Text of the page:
There is great diversity in social service arrangements across countries. Some offer broadly accessible social services for their citizens, while in others social transfers and social services are fragmented and not available to everyone. Some care services are targeted or conditional, and therefore selective, while others are universally available. Institutional features such as these shape the extent and the ways in which citizens access care services and affect people’s well-being and way of life. They have a part in defining what role public policies play in societies and how states relate to their subjects. The design of social services is in that sense normatively consequential, and this chapter seeks to identify their overall character and conceptual underpinnings. It explores the core ambitions and policy goals underlying social service designs and identifies differences in normative commitments across policy fields and countries and over time. Ideal-typical policy conceptions are identified, which capture the goals and priorities informing the design of social service institutions. Two evaluative dimensions are then introduced, which map the diversity of public policy conceptions: priorities and core commitments and main orientation and targets. The framework is then put to use by analysing social service developments in three different policy fields and countries: care for older people in Finland, childcare in the UK, and housing services for asylum seekers in Sweden. These illustrations show that political rhetoric often strays far from institutional realities and underscore the need to investigate deeds, rather than words.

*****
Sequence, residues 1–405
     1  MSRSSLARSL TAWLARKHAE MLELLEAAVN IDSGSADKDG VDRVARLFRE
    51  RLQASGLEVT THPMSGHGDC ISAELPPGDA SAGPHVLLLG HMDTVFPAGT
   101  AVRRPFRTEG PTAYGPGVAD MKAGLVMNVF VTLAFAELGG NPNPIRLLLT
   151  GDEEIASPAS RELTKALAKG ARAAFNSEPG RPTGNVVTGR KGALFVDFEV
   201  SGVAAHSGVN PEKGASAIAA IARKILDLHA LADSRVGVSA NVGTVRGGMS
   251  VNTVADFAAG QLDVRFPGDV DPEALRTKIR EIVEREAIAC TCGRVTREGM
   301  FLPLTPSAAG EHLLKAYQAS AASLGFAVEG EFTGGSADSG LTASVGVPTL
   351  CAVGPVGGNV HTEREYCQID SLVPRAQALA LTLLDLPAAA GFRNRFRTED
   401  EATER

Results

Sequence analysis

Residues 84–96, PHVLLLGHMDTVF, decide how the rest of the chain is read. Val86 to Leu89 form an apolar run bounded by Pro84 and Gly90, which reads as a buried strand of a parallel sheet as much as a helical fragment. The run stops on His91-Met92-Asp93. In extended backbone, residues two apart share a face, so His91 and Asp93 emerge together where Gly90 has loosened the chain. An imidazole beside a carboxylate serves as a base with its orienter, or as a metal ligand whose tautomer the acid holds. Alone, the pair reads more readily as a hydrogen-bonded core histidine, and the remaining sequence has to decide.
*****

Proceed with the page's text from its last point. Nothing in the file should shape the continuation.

Margitta Mätzke, Anneli Anttonen, Peter Brokking and Jana Javornik
Peter Brokking, Marisol García, Dina Vaiou and Serena Vicari Haddock
The chapter addresses the impact of market-oriented reforms, the financial crisis of 2008 and the resulting austerity measures on housing and neighbourhood services within the already changing trajectories of welfare states. We discuss the shifting boundaries of social groups whose needs remain unanswered and the resulting patterns of exclusion. The focus of the chapter then shifts to the response to these changes, in the form of local initiatives that attempt to address these needs and to further social inclusion. These initiatives highlight the increasingly important role of neighbourhoods and civil society actors in filling the gaps when the welfare state no longer provides basic services or when households can no longer afford to pay for services at market prices. In the final section, challenges for governance are identified and discussed. They include the definition of flexible arrangements between civil society, local public institutions and market actors and a new role of the central state in supporting the social right of access to housing.